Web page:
The association of St. Jude with Persia, where part of the ancient Armenia is found today the other parts being within Turkey and the Soviet Union is acknowledged by Roman Catholic tradition as follows: "St. Jude preached throughout Samaria, Edessa and Mesopotamia and penetrated as far as Persia where he was martyred with a javelin or with arrows or by being tied to a cross.

He is pictured as a young or middle aged man in sacred art. His relies are widely distributed. Some are in St. Peter's, Rome, and others in the Church of St.


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Saturninus in Tolosa, Spain. We have a mixture of traditions about the death and burial places associated with St. Kerr says that the burial place of Thaddaeus is variously placed in Beirut and in Egypt. However, in this writer carefully investigated these claims and found no evidence of an Egyptian tradition for the tomb of St. Jude, and no knowledge whatever in Beirut of any such association. Consultation with both Catholic and Syrian Orthodox Church leaders in Lebanon indicate that no such tradition exists there today. On the other hand the Assyrian Church leaders, as well as a major general of the Iranian Army, informed the author during a visit to Teheran October 16, that the original tomb of St.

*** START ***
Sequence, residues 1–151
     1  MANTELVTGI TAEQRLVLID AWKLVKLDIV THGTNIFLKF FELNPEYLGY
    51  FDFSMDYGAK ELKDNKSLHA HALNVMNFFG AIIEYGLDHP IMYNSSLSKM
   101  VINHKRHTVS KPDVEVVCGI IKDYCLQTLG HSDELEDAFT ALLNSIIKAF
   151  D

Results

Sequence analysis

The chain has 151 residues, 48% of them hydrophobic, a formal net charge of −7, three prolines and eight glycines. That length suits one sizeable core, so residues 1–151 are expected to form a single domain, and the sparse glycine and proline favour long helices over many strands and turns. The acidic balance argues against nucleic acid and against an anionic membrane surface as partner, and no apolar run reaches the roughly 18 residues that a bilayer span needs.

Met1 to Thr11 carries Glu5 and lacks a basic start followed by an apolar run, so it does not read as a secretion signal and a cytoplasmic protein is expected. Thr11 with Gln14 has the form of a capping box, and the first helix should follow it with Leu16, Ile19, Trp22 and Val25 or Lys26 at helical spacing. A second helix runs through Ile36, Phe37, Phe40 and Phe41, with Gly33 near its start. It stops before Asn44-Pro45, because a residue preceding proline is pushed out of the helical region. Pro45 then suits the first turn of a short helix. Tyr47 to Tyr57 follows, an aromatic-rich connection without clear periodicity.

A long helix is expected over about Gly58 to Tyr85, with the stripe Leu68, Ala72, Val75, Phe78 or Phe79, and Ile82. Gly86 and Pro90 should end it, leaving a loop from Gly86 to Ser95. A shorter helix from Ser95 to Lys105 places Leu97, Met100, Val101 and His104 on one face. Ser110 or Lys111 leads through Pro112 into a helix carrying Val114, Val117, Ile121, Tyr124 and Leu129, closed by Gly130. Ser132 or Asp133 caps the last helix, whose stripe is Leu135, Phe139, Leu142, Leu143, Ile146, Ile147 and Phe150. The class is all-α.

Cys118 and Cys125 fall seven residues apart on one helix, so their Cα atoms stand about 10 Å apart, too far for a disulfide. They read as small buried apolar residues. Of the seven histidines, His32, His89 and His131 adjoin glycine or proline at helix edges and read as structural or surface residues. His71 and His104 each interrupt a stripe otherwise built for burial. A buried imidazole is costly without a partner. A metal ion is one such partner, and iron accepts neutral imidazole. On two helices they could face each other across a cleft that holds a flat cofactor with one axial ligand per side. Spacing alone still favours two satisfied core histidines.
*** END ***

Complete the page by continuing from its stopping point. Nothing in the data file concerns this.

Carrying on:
This is in Iran, near the Soviet border. This could well be the site of the original tomb of St. Jude even though it is likely that to keep the relics safe from the invasion of Genghis Khan, the relics themselves may have been moved westward and scattered from Rome to Spain. The tremendous tomb which is built for these relics in St. Peters Basilica in Rome, which is located directly south of the main altar in a side area, attests to the firm belief among the Catholic authorities that some of the genuine relics of St.